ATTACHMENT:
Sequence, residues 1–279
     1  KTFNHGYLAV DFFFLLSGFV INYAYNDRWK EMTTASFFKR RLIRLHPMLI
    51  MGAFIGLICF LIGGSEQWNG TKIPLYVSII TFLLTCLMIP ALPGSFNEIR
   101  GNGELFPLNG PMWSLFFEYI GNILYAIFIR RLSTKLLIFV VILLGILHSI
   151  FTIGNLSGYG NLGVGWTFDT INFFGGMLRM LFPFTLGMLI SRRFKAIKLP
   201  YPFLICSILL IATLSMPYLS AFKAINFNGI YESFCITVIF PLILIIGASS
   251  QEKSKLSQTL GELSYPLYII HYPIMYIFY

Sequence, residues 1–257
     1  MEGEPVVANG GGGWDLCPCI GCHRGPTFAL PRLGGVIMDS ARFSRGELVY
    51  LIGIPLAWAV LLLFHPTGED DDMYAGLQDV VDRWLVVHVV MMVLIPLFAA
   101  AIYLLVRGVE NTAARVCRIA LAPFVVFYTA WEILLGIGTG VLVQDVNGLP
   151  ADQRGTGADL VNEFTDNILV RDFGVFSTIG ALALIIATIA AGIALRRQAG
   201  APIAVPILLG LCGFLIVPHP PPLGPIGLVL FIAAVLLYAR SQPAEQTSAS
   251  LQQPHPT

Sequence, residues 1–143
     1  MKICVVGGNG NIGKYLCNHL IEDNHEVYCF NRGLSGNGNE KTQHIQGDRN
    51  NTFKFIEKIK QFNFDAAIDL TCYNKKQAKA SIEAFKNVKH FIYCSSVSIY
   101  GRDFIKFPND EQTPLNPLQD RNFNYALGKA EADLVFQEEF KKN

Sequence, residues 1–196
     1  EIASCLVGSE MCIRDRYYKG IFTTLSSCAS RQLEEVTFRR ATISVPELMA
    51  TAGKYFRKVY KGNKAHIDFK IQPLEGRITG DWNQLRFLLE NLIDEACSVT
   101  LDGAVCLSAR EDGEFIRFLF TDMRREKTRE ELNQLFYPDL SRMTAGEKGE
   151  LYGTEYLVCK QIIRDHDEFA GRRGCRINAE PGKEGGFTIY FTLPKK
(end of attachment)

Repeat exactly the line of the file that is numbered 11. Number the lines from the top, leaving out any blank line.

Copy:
   101  AIYLLVRGVE NTAARVCRIA LAPFVVFYTA WEILLGIGTG VLVQDVNGLP